- Analyst predictions. I believe many analyst’s projections are too high. I’m not convinced that they’re realistic compared to the actual economic conditions on the ground today. Some analysts are calling for 5.7% earnings growth and 3.4% revenue growth in Q4, 2022. I doubt this will happen for most corporations.
- Unemployment. I expect unemployment to go up over the next couple of quarters. This is one of the downsides of the Fed’s interest rate hikes, which often have a muted impact on consumer spending. This, in turn, can cause corporations to lay off workers as demands for their goods and services decrease. In the technology sector, we are seeing sizable layoffs. This trend will likely continue for some time. However, unemployment still remains at historic lows in the US.
- Housing. Most families will be less likely to buy if they are uncertain about their incomes. This could mean that home sales might curtail in the coming months. Interest rates will likely continue to rise, impacting favorable buying conditions. The net effect could be home prices dropping by as much as 15-20% in the coming quarters. I don’t anticipate decreases in rent in this period.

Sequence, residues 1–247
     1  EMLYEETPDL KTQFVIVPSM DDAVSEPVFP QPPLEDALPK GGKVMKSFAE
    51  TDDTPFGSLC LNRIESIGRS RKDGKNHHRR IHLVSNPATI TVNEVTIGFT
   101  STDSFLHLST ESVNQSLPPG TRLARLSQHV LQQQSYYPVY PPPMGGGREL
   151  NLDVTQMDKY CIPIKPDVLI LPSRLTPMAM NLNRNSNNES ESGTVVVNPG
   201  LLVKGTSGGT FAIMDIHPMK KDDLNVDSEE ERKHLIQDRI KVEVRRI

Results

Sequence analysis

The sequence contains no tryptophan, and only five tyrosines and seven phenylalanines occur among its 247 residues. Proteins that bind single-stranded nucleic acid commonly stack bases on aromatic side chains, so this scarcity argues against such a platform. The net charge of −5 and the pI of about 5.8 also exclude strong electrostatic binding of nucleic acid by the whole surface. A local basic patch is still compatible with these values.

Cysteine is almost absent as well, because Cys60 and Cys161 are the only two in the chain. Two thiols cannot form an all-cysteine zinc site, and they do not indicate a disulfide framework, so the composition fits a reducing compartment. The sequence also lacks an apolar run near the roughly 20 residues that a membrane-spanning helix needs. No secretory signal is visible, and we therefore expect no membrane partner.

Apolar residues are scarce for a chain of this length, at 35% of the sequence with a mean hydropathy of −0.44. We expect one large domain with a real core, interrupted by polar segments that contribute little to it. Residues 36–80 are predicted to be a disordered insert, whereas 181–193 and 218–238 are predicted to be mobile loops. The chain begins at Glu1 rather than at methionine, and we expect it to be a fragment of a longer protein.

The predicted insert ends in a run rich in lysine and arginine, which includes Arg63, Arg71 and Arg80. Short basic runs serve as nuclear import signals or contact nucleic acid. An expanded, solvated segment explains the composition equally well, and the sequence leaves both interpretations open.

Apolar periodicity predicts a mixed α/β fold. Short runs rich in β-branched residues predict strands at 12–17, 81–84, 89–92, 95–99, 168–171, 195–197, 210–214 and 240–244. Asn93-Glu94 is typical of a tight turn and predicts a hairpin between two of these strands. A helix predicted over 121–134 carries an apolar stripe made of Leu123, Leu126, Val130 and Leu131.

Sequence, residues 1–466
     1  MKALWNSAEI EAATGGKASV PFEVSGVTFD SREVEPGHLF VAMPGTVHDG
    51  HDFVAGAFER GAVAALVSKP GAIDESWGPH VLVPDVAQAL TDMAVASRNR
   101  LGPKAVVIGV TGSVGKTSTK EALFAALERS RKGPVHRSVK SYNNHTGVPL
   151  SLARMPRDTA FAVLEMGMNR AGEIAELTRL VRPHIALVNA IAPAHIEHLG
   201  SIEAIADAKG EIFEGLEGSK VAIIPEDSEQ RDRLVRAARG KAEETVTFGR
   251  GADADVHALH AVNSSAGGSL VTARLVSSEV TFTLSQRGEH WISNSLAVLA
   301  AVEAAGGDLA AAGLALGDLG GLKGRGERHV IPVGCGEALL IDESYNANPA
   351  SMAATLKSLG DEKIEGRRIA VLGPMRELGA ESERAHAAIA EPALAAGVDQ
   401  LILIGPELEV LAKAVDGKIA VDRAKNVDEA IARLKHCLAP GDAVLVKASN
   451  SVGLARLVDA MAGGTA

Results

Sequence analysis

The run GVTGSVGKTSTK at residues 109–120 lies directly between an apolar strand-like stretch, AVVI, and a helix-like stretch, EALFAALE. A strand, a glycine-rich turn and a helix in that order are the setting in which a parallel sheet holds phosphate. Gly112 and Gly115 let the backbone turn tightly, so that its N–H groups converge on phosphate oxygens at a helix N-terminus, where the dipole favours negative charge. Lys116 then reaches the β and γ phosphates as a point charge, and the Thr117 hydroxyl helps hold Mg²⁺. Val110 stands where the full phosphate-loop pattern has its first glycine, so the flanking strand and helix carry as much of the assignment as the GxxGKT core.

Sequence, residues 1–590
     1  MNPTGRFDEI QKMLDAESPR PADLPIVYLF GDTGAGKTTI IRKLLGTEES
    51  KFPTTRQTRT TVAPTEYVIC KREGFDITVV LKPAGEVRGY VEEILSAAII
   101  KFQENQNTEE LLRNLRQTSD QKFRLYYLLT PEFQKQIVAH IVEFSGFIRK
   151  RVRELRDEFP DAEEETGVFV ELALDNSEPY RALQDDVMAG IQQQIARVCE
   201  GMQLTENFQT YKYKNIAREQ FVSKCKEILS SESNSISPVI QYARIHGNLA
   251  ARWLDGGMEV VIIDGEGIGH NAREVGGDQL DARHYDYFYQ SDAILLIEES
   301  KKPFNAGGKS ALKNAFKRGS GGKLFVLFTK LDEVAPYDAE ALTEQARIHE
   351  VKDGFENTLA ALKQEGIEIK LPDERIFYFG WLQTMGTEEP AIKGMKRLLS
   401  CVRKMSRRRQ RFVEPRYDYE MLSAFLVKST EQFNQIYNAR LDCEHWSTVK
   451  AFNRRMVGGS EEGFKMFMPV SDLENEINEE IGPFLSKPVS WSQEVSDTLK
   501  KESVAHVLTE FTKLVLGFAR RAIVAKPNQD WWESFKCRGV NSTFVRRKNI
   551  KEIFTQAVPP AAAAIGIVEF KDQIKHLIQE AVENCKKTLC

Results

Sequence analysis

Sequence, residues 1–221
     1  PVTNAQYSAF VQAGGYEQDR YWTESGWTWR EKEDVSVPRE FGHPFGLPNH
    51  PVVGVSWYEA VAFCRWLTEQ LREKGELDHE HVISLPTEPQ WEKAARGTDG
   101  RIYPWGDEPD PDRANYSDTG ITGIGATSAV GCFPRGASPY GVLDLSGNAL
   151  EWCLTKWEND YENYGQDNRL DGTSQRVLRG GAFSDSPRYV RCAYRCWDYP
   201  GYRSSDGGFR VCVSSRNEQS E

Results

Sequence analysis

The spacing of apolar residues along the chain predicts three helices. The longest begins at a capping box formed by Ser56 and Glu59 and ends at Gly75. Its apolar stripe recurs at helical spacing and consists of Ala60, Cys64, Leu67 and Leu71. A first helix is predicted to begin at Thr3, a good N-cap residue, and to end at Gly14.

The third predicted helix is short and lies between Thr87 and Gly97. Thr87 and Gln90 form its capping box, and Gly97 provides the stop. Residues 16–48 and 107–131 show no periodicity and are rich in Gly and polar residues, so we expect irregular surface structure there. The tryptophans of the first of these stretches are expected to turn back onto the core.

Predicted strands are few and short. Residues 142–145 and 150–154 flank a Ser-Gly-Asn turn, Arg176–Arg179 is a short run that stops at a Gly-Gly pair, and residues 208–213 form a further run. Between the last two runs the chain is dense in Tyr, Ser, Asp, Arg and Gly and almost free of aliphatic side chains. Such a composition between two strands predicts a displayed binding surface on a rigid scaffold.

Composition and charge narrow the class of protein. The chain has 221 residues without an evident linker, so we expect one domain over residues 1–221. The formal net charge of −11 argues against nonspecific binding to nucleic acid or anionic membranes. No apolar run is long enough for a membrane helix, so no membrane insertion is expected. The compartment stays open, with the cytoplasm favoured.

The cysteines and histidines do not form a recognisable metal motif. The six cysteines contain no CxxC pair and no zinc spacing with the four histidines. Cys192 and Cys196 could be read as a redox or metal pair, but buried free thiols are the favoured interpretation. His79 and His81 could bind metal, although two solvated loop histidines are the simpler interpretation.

- Federal Reserve policy. The Fed’s interest rate adjustment policy could help balance inflation, housing and even employment. Interest rates will likely peak within the next quarter or two. Thereafter, they could go down. The Fed’s expressed goal was to cool off an overheating economy. That goal could very well be achieved soon.
- Zero COVID. China’s lockdown policy could continue to effect supply chains and cost-effective international parts and supplies. This could have a negative economic impact globally. So much of China’s debt is tied to real estate projects. But their real estate growth is slowing. They’ve seen slower growth this year than in the past 30 years.